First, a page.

|30 minutes||Assessment of student skills||Teachers discuss students’ frequent disabilities and main learning challenges through making lists and categorizing students accordingly|
|One hour||A changing concept of reading||Teachers discuss how to teach children with disabilities and what achievements can be observed: the creation of a table where disabilities and teaching strategies are matched is required|
|One hour||Sight Words Identification||Teachers are provided with iPads for classroom activities where special games and training programs are introduced through the chosen app so that teachers take the steps their students will with time and understand what challenges or additional explanations may be required|
|One hour||Learning with technology||Students should feel that they can improve their skills with a new technology device, and teachers have to know how to encourage them, and several motivational cards are created|
|30 minutes||Assessment and final remarks||Teachers share their opinions about what they know about new technologies and what they can do with students in the classroom relying on offered innovations: expectations are set for further discussions|
Short quizzes are offered to teachers to demonstrate what they know before and after a workshop and compare the results to define their readiness to work with students under new conditions.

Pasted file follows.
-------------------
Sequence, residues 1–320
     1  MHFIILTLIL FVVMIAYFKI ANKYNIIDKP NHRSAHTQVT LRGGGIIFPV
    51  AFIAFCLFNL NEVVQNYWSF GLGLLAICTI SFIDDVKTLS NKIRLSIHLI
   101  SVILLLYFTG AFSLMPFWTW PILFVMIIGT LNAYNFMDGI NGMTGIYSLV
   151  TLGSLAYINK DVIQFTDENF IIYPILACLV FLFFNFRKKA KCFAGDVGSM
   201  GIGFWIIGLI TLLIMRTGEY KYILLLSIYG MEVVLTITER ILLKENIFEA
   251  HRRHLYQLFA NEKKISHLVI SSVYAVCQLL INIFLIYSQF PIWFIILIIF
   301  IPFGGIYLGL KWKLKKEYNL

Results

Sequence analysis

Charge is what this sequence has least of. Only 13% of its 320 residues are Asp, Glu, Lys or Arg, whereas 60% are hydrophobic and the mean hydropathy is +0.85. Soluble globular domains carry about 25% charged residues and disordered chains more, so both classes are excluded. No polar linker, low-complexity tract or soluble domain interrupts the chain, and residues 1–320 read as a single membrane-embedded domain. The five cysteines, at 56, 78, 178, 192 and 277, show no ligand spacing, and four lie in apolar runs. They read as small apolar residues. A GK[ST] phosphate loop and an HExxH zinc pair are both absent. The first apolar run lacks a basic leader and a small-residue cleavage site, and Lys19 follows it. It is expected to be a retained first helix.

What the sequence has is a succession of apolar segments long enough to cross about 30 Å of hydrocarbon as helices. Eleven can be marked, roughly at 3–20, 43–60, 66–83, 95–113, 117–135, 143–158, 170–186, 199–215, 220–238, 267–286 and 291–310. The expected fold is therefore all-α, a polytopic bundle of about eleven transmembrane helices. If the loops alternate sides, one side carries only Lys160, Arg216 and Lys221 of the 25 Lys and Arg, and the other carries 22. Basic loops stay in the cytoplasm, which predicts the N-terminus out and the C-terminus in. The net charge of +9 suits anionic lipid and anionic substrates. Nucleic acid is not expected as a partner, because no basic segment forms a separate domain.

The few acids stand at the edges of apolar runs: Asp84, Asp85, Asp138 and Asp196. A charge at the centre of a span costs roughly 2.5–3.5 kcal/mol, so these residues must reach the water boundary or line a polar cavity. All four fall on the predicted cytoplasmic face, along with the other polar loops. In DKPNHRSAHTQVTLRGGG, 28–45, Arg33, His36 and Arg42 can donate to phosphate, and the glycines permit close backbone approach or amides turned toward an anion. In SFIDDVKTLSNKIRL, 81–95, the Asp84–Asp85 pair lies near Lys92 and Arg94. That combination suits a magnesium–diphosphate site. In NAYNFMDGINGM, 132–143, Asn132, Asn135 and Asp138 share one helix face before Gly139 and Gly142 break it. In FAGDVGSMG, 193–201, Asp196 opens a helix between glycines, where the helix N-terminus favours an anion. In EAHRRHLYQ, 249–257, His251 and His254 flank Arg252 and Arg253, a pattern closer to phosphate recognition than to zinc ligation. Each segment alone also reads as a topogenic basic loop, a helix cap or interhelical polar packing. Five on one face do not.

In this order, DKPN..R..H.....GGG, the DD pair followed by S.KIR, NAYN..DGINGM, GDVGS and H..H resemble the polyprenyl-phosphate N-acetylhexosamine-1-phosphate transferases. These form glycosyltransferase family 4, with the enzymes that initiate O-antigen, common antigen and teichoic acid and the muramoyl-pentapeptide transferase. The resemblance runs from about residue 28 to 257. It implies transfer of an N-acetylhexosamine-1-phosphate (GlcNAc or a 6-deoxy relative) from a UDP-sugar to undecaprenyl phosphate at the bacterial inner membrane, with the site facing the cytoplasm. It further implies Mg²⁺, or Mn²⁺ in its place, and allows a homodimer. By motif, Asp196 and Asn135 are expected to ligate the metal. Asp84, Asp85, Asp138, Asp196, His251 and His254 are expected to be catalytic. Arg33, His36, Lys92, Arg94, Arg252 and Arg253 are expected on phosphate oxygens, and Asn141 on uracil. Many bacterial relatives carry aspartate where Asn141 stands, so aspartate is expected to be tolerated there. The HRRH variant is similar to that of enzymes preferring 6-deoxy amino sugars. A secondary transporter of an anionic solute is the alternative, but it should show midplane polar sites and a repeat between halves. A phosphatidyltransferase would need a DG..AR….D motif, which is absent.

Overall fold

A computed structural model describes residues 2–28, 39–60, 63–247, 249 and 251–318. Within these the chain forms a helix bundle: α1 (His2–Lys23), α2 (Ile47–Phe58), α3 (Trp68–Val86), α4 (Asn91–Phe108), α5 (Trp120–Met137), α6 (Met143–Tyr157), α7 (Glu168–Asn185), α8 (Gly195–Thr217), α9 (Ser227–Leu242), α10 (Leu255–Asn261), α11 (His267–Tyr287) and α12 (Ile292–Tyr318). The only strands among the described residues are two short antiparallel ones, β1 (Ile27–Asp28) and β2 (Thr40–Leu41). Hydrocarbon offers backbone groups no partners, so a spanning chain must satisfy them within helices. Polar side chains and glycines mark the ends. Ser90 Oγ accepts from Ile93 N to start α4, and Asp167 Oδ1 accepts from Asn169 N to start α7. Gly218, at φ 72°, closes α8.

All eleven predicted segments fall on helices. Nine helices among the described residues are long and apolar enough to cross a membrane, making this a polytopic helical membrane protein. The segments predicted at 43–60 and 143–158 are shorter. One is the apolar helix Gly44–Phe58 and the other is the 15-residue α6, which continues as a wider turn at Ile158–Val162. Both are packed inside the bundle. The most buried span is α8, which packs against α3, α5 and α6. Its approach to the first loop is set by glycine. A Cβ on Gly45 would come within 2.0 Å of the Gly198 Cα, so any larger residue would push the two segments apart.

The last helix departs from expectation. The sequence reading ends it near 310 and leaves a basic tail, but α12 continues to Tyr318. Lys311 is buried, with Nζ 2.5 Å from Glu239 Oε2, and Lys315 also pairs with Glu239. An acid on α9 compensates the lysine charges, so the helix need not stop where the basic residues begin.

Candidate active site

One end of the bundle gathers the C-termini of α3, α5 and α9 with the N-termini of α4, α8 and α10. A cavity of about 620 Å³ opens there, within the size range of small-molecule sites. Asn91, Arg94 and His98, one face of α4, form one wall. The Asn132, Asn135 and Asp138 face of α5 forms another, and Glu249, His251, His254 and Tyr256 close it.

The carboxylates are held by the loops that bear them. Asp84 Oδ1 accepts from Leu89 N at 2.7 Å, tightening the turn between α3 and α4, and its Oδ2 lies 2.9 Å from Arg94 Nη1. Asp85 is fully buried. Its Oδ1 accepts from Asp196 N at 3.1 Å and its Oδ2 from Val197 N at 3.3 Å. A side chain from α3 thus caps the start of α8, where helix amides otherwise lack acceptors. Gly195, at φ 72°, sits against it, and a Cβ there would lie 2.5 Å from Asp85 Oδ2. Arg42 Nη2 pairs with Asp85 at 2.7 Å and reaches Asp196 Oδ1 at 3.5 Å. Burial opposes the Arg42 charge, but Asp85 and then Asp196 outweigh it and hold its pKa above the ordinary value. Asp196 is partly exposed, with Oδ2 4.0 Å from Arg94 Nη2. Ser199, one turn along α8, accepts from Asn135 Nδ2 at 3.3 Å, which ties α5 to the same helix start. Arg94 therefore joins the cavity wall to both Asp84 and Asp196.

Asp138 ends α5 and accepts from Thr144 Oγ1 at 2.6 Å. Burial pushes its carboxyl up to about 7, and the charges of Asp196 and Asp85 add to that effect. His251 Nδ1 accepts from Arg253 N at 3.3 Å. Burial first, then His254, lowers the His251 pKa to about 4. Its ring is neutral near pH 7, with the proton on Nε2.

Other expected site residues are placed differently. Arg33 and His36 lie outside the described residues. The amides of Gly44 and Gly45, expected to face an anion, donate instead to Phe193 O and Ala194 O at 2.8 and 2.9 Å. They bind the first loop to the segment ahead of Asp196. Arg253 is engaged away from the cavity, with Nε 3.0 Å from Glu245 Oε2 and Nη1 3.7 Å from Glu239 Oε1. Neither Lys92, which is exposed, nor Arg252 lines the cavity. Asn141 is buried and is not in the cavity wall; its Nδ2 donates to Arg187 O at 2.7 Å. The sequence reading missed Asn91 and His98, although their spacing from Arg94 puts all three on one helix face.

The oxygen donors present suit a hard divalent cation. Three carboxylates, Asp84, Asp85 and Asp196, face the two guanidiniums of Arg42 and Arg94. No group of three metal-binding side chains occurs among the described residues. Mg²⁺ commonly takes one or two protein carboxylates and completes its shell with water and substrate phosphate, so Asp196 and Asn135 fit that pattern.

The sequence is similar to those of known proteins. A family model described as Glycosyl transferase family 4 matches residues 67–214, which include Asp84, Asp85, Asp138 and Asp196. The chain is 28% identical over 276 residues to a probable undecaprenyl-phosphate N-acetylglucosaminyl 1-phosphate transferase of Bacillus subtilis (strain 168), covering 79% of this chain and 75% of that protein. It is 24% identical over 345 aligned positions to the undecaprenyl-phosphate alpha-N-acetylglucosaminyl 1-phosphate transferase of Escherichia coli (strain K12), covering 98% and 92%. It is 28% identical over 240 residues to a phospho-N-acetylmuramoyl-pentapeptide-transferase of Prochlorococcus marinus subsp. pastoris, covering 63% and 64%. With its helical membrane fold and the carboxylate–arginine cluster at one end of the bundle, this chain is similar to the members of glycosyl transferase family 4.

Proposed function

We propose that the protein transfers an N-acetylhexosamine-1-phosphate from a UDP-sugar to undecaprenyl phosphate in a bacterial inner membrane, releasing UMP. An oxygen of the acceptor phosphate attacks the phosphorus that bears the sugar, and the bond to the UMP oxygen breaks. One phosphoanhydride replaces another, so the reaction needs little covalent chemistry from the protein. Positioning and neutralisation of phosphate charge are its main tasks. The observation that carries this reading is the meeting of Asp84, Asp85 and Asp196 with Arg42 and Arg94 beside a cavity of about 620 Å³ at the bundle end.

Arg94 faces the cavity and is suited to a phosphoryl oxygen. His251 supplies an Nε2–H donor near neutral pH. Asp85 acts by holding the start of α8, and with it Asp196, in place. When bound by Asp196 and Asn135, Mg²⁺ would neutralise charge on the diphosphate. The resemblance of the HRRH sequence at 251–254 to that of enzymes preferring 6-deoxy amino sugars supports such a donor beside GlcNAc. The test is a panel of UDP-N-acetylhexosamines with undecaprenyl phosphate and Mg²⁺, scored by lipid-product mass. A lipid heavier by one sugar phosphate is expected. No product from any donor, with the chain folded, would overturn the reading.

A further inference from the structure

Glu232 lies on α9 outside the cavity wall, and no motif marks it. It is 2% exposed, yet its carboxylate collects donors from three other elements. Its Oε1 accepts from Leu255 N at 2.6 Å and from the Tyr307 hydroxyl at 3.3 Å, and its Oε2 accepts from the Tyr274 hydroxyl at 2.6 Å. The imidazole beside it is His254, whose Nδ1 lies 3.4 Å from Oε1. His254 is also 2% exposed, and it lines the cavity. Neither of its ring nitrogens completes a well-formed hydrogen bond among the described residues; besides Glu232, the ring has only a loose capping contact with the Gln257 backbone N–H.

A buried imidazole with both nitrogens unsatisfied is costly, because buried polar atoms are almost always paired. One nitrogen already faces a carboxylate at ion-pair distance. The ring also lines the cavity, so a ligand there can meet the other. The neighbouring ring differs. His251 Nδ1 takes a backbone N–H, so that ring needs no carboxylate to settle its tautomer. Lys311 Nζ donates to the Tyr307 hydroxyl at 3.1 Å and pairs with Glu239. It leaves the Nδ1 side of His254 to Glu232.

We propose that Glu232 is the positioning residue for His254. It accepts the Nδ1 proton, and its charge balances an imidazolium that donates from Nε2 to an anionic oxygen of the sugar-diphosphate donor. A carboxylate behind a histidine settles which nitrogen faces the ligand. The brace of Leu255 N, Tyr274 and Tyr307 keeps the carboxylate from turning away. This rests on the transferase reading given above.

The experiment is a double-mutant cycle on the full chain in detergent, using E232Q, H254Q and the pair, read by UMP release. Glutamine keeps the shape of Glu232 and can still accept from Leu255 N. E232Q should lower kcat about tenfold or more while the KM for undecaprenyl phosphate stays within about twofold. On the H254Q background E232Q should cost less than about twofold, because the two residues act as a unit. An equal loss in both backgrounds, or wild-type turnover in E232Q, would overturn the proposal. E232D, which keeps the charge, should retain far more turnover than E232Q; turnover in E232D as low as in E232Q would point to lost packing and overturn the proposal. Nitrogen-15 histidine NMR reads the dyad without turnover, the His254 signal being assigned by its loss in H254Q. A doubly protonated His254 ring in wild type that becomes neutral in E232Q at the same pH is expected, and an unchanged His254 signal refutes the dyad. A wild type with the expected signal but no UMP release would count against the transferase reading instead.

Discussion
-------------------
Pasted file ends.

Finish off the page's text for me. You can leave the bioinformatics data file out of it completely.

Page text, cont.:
Handouts, Materials, Supplies:
- iPads with “Sight Words” application are given to teachers so that they can get an idea on how to work with them and how to introduce these technologies to students.
- Quiz cards, paper, and pencils for teachers to make notes and answer questions.
Taking into consideration the fact that students and teachers have to work hard to meet new requirements and use technological progress to achieve better results, much work and clarifications are required. This project aims at supporting social interactions between teachers through discussing the conditions under which technology can help to improve reading skills of children who have a learning disability in the classroom. At this moment, the project that includes a research proposal and workshop is complete. It is a professionally written project with clear goals and approaches being discussed. All sections of the project are closely connected to each other with the main intention to provide teachers with a guide on how they may improve their work with students with the help of special technological devices.
The peculiar feature of this project is that it does not only introduce a new topic and a new approach to learning children with disabilities. It also helps to clarify what teachers can do to change and improve a learning process for students, if they are ready for innovations, and what expectations can be set in terms of this project. On the one hand, this project is creative as it does not have analogs in the chosen facility. Students with disabilities are usually provided with simple and easy-to-comprehend environments. At this point, teachers have to integrate the standards of CALL (computer-assisted language learning) foundation to prove that disabled children are not deprived of technology opportunities and can develop their skills accordingly.